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  1. #1
    Senior Member jlgosse's Avatar
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    As of late, I have thought about doing some freelance work for small businesses and people. I'm wondering how much I should charge for my projects, what method of calculation I should use, use of loss-leaders and "sales", as well as referrals in order to find clients.

    Obviously, since I have no portfolio at the moment, I would have to do the first few projects for "cheap", but I'm curious about all levels of developing a small freelancing business.

    Anyway, thanks for any help you might have, and sorry if this isn't the right forum!

    Thanks,

    Josh


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  3. #2
    WDF Staff smoseley's Avatar
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    Completely depends on:

    1. where you live
    2. how long you've been doing it.
    3. how good you are
    4. who you are selling to
    5. how good you are at selling

  4. #3
    Senior Member Shani's Avatar
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    Be wary of anything that's dependent upon sales because people will lie to you in order to pay you less.

    In general, you want to think of two things: Scope of the project and hourly rate.

    It's good to give some padding in the amount of time it will take, especially when you are starting out because things take longer. If you underestimate someone and charge them more, they feel cheated.

    For example:

    This project should take 2 weeks to complete, and it will cost $200.
    - OR -
    It costs $10/ hour and should take 20 hours.

    And, btw, those numbers are VERY low!
    Shani

    I have an eye for detail like you'd never believe.

  5. #4
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    In my opinion quality of your current work and your ability to sell are the two key factors to deciding a price.

    If your portfolio is of a low quality then you really shouldn't be shopping yourself as a brilliant web designer. As a result your price would be lower.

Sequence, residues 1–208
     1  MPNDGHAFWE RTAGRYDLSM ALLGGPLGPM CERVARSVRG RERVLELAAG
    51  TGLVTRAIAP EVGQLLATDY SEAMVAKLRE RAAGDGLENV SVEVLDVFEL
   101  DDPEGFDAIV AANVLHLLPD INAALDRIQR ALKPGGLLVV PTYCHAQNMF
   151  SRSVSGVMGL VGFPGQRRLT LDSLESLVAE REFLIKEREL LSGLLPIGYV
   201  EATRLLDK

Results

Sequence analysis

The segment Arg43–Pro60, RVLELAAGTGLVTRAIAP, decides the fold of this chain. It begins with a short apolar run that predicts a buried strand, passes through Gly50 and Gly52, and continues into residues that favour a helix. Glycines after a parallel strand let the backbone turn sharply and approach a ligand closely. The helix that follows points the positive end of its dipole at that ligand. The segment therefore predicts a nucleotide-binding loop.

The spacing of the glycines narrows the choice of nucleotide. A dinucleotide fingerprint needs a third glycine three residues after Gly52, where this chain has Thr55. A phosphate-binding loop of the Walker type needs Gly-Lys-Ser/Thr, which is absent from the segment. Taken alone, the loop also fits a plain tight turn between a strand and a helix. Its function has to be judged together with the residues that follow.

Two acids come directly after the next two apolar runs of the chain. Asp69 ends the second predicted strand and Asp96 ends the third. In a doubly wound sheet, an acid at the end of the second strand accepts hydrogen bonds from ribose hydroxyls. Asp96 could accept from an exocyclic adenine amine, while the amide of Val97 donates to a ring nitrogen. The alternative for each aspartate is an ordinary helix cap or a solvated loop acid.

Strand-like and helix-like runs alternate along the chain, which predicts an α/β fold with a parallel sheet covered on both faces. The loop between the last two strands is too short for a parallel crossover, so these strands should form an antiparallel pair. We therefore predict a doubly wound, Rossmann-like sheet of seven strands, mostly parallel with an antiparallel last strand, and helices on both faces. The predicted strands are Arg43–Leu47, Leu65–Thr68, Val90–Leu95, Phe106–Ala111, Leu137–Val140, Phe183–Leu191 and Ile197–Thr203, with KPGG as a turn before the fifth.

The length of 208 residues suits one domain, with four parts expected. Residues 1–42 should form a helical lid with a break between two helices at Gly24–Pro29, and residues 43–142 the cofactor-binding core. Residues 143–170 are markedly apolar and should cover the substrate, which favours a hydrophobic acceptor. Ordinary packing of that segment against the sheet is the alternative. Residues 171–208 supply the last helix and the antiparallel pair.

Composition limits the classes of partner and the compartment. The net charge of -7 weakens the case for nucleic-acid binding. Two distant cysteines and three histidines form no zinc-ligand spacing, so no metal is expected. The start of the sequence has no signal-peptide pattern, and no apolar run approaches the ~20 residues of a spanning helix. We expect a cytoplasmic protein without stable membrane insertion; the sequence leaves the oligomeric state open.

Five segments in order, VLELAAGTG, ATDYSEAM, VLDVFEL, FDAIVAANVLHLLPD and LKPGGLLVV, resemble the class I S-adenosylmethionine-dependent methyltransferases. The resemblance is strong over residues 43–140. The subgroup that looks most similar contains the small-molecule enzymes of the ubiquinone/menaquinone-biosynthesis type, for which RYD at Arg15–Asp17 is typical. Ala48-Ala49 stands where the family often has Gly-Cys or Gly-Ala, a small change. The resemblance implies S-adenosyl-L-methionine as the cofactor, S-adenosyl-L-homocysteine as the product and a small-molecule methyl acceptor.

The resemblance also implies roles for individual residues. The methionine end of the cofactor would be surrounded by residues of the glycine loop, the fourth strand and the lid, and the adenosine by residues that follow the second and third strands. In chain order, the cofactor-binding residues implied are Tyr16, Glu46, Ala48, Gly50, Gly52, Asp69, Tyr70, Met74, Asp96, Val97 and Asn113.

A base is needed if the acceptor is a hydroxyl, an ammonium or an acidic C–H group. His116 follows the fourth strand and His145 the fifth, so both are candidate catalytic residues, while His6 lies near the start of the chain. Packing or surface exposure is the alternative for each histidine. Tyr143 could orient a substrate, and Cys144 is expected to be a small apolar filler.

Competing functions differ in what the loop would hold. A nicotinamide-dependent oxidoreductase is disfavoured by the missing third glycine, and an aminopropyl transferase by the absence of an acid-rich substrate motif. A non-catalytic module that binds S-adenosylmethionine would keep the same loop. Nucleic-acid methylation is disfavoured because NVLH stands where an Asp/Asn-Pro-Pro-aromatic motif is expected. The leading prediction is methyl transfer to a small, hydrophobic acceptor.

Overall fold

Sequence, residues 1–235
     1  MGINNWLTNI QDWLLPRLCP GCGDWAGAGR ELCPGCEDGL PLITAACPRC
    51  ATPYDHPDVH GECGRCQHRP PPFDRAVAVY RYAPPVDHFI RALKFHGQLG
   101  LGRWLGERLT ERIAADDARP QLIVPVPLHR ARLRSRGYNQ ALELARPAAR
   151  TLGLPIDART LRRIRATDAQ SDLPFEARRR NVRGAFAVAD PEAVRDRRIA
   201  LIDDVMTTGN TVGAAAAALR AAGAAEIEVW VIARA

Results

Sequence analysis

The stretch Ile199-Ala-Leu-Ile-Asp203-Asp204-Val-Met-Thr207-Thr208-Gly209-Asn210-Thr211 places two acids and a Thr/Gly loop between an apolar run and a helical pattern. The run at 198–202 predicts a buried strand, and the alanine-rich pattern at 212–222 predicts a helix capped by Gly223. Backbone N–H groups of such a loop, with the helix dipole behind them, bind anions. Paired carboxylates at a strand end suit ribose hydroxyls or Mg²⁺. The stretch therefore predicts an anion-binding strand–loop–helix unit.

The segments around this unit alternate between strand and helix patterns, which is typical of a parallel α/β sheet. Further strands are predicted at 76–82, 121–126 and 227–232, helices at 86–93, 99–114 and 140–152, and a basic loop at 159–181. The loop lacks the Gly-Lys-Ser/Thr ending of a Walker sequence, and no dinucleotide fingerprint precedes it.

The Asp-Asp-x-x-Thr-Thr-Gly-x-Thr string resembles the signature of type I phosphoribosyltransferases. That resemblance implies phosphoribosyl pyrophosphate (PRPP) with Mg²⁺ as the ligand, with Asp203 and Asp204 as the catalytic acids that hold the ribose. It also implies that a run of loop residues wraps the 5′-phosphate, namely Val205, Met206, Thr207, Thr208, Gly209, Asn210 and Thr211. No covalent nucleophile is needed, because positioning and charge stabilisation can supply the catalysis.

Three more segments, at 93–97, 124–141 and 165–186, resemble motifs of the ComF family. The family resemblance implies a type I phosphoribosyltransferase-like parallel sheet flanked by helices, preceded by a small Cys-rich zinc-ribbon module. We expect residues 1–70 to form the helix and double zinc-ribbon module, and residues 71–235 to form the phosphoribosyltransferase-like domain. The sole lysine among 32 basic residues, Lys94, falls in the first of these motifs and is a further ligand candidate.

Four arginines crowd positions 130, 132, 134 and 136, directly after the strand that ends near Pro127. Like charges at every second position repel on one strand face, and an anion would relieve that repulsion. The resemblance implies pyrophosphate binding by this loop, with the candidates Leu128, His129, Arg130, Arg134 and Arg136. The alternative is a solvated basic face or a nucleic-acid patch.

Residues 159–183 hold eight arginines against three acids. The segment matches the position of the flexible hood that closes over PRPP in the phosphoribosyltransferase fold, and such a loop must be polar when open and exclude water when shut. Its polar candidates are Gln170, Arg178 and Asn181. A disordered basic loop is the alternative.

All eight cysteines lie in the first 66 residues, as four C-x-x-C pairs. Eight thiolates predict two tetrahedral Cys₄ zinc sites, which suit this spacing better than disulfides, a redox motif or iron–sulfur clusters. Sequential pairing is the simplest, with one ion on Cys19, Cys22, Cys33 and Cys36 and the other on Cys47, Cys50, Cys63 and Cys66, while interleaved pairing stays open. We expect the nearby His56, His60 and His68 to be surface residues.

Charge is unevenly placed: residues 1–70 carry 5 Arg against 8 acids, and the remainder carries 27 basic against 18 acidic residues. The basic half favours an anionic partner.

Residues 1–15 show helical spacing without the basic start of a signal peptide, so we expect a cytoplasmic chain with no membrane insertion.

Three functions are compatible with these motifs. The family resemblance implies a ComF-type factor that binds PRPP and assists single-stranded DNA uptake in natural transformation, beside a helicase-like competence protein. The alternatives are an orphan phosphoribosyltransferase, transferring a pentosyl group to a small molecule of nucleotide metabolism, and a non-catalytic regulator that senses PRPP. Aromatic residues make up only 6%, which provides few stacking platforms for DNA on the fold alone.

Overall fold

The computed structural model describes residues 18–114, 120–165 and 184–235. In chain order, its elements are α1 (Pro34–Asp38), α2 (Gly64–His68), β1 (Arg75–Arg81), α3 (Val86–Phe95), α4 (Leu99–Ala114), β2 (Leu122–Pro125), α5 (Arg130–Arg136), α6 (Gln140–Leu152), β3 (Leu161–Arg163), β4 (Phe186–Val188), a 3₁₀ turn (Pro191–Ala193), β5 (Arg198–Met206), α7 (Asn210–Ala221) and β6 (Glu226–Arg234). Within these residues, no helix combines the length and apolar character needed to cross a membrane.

On the opposite end how you sell your work can massively increase or decrease what you can make. Coming over with the "I am the guy you need" attitude as well as explaining why they need each of the features they require will give you much more money than saying that you will do it for a certain figure.

    At the end of the day do 3 jobs. Most people will barter. Set your price for more than you want. Then barter. After a handful of jobs you will find out what your work is worth and thus be able to charge properly

  6. #5
    Senior Member jlgosse's Avatar
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    Thanks alot for the replies, guys.

    Transio:
    1. where you live
    2. how long you've been doing it.
    3. how good you are
    4. who you are selling to
    5. how good you are at selling
    I live in Newfoundland, Canada (East Coast), where there are not too many web design/development firms around. I've been working with the web for many years now, on and off. I'm fairly good, I'm proficient in XHTML, CSS, PHP, MySQL, and Photoshop, but I'm also learning to use AJAX. I'd also like to note that I'm a C.S. student, and that I'm doing courses in Web Application development (using the above, plus Java). Also, I'm selling to small businesses who need a web presence. As to how good I am with selling, that should not be a problem, I like to think of myself as charismatic and I know how to talk to people.

    Now, any ideas?

    To DCScene:

    I realize those numbers are very low, but thank you for the response.

    Perad:

    I currently have nothing close to a portfolio, but I know I am capable of excellent work. This is why I'm unsure of what to charge. Again, thanks!


  7. #6
    Senior Member planetgman's Avatar
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    Lots of great direction and advice.
    One thing to do is to call local designers and get price quotes from them. Then price your services accordingly.
    That doesn't mean you automatically price lower on everything. But, you should know what people in your area are charging.
    It goes a long way when you can quote competitor pricing. That shows the customer you're a professional, you know your market and you have some level of "expertise" in your field.

    I don't know why people starting out don't just build some "demo sites" to have a portfolio.
    How much is it worth to you to build a mock up site and put it into a portfolio?

    My experience has been that if you have a great portfolio that will open a lot of doors. It is up to you to then do what you will with that opportunity. If you feel confident in your approach, then all the better.

    Good luck!
    GMan

  8. #7
    WDF Staff smoseley's Avatar
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    $15-20/hr

  9. #8
    Senior Member planetgman's Avatar
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    hehe, when is the last time YOU charged $15-20 hr, Tans?
    It has been at least 5/6 years for me.
    GMan

  10. #9
    Senior Member jlgosse's Avatar
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    Once again, great advice.

    However, I don't think I'd be willing to go as low as $15, that isn't really a realistic figure. gman is right, I charged $600 for a site (about 5 years ago), which took me maybe 10-15 hours to complete.


  11. #10
    Senior Member planetgman's Avatar
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    Without a portfolio, I wouldn't hold out for $45-$60 an hour rates.....
    GMan


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